How do we help young Christians? We need to teach them what the Bible says about speaking. Adults need to be aware of their speech. There is a dual effect when teaching and living flow together, They shouldn’t only be told about it, but they should see it. Perhaps part of the failure may be that a large amount of Christian adults are now cursing and so those that come after are simply following in their footsteps. Sometimes what’s good for the goose is not good for the gander.

The allure of the foul mouth will keep calling. This contra-Christian, rebellious, mystical way of being will attempt to sink its teeth on any Christian who dare to stare longingly. It’s time to show the better way of communicating. One in which countless neglected words in our languages are use to communicate effectively.



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Philosophical Musings: An Existential Reflection on Friendship and Communication

philosophy11As of late, I’ve been spending quality time with some good friends of mine. We haven’t always done this, and I assumed that the reason was because of availability. This summer, however, has provided a great opportunity to further immerse ourselves into this wonderful thing of ours. These moments have led me to the conclusion that it was never really an issue of availability, it was our neglect of some fundamentals without which one can never be more than an “almost friend.”

There are many definitions of what a friend is. The most notable one is, “one attached to another by affection or esteem” (Webster). This definition suggests that affection or esteem is the glue that holds the friendship together. I do have slight disagreements with the definition. I think that it should be: “one attached to another by affection [and] esteem.” My reason is that in a friendship, affection and esteem, which conveys a sense of favor towards and value of, must co-exist.

Upon further consideration I think that the definition should emphasize the mutuality of the attachment. If one side is displaying the necessary ingredients for a friendship but it is not receiving anything in return, then it is not a friendship. Friends should be two or more people that are attached to each other by affection and esteem. Of course there are degrees of affection and esteem, and thus the ones that possess a higher degree of them for each other are the closest friends–or shall we say, “best friends.”

One may do an act with friend-like similitude but not be a friend. On this basis I would like to suggest that knowing for ourselves who our friends are may save us a lot of heartache. It’s profitable to make a mental profile of those that one interacts with to make distinctions between friends, friendlies, and enemies. There is a sense of comfort when one undertake serious reflection on what a friend means to them and who they have shared that kind of experience with.

From a theological perspective some believe that when man was created, he was alone until Eve came. However, when man was created God was the first one that he communicated with. God was not only man’s creator, but man’s first friend. Man didn’t begin alone and is never alone. In fact, man’s natural state of existence is in relation to others within a larger community. If by chance man finds himself in the desert with no other being like himself, God is still around whether man acknowledge Him as God or not.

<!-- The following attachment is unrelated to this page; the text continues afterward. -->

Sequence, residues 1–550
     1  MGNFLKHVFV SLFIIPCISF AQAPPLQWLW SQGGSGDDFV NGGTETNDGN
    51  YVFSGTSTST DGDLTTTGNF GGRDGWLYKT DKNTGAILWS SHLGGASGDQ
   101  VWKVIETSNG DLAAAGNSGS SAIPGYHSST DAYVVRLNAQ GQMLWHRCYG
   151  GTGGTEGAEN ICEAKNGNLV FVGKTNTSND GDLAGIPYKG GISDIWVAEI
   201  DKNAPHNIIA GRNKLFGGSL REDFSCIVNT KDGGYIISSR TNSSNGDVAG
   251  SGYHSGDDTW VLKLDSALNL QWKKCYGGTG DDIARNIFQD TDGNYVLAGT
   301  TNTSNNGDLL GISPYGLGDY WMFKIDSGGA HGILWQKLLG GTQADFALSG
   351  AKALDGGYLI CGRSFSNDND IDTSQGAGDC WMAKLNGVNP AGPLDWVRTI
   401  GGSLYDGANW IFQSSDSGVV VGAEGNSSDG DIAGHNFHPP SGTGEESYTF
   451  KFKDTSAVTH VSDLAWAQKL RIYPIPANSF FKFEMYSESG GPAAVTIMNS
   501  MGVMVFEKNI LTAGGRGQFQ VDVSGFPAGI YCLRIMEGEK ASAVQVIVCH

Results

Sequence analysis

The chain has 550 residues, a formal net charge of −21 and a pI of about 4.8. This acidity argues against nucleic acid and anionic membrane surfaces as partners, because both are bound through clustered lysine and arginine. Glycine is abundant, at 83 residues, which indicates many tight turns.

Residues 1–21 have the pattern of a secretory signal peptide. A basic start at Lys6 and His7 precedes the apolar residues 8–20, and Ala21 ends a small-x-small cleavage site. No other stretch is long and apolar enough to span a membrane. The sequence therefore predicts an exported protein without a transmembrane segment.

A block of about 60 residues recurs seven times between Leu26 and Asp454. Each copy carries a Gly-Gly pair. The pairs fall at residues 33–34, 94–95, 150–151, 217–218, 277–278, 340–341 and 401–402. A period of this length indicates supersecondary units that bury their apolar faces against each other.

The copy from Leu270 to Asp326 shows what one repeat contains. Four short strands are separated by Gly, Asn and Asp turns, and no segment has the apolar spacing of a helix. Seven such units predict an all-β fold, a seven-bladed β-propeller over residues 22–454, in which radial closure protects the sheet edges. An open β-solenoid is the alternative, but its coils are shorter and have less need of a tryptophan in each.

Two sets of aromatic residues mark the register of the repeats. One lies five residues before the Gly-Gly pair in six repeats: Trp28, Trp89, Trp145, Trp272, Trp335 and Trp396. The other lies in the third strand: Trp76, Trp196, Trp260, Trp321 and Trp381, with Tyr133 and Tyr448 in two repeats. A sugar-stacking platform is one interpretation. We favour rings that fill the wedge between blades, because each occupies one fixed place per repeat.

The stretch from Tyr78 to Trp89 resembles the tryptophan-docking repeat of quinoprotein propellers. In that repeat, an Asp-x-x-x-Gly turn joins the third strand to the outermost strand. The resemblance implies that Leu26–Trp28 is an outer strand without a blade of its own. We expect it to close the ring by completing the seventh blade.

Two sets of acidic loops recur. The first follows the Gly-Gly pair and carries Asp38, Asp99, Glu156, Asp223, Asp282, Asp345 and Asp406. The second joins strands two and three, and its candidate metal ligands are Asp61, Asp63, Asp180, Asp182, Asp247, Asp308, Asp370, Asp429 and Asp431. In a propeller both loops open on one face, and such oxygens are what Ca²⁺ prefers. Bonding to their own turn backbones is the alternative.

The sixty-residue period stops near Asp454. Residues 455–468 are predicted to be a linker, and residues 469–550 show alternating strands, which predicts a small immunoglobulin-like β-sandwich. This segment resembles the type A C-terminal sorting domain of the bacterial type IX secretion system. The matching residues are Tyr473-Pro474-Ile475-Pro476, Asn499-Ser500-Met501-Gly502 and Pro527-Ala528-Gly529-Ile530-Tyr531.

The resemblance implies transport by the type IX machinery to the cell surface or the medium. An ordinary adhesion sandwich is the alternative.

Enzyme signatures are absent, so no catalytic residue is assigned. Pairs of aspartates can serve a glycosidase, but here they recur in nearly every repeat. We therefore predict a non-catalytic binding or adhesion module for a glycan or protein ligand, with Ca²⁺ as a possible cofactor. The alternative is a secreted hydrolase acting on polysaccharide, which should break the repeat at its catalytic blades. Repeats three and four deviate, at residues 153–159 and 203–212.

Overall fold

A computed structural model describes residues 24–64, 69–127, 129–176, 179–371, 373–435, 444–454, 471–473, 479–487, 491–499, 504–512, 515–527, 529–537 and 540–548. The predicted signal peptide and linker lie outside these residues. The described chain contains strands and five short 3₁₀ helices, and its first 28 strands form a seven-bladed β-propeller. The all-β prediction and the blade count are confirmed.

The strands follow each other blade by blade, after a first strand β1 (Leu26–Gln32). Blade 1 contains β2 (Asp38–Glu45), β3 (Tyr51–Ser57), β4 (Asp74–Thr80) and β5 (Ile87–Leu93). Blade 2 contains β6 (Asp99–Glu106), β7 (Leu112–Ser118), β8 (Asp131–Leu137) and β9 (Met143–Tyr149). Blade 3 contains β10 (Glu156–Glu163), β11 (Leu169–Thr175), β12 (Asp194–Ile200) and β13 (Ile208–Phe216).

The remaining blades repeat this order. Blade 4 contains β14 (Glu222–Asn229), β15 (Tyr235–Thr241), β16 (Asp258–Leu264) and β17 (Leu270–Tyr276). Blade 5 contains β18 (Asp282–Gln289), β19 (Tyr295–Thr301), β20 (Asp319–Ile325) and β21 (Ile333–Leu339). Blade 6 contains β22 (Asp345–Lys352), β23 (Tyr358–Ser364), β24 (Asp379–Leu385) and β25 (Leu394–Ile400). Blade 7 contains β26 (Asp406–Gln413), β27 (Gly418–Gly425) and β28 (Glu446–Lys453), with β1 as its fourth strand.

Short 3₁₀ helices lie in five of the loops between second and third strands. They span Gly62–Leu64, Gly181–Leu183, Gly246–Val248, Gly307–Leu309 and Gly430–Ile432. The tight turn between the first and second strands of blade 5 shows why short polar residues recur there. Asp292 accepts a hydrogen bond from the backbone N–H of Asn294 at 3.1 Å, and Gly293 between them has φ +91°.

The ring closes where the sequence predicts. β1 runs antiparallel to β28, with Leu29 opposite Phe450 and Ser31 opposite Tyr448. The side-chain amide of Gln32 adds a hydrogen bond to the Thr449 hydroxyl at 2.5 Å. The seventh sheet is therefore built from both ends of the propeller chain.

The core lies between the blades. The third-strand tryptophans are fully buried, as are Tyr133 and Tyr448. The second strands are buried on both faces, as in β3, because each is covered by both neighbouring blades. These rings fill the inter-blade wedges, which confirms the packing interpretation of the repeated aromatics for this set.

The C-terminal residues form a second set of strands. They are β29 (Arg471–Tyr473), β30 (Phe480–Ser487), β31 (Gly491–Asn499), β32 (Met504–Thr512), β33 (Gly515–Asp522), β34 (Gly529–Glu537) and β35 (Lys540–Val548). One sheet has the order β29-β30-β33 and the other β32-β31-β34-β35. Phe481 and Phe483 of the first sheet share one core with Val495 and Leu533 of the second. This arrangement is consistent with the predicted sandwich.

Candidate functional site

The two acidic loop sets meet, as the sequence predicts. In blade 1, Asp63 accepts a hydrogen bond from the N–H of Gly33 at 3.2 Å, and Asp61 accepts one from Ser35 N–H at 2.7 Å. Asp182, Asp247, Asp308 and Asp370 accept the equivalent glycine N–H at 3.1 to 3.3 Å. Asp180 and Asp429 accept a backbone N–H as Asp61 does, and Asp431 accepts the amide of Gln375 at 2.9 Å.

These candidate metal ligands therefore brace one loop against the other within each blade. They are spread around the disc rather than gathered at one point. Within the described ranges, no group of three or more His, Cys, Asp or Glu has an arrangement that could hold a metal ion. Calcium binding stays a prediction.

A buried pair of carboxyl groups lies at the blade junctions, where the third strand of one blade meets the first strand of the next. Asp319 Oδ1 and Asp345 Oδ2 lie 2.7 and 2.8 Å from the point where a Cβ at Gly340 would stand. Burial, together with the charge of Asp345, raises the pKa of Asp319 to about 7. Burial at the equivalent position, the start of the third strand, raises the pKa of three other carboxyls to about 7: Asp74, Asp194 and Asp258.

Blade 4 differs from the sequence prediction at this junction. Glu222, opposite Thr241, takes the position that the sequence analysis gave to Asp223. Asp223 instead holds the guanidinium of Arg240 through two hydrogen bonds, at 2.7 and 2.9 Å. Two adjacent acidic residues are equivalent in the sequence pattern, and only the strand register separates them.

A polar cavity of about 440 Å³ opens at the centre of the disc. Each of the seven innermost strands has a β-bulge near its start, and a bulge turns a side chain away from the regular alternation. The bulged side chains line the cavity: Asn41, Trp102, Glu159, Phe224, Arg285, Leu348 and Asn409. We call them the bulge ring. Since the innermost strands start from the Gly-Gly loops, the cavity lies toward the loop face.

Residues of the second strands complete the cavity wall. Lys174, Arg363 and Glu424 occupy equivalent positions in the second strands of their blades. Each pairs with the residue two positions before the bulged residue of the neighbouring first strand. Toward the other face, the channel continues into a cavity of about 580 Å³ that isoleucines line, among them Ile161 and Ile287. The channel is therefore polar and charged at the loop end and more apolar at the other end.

Time spent doing anything is time invested in being influenced and changed, whether positively or negatively, by what is being done. Whether this time is of quality or not is based on the perspective of the one doing the assessment. When it comes to friendships, quality time is anytime spent doing things that contribute positively to the health of that friendship. This is a time that deepens the affection and esteem that one has for the other.

There is more than one way that affection and esteem can deepen within time. But the keyword is communication. Communication is foremost in anything dealing with two people or more. However, simply communicating is not enough. The method and content of communication is pivotal to whether a friendship exist and what form that existence take. As a norm, many tend not to pay much attention to how they communicate because the content is often viewed as what is most important.  As preachers know, this is an error. This can have devastating results because the way in which something is conveyed plays an integral part of the interpretive process. In case you are wondering, communication can take many forms: speech, touch, etc.

I would argue that we may view communication as the major category in which we can fit everything else. In a broad sense I’m saying that communication is the transfer of anything from one person to another. Some may wish to challenge this by arguing that one may not intend on communicating anything by what is being transferred. That is true, but whether one intended to or not, communication still occurs. Communication is not base solely on intent or even whether we are around or not. In fact, not being around, believe it or not, is communicating something to those we are and aren’t around.

Though affection and esteem are what holds the friendship together, it is only birthed through communication. In other words, if there is no communication there is no way to be exposed to the personality to which affection and esteem can be allocated to. Communication plays a double role: one of initiator and sustainer of a friendship.

I don’t know about you, but I’m done theorizing about this. I’m off to practice what I’ve thought.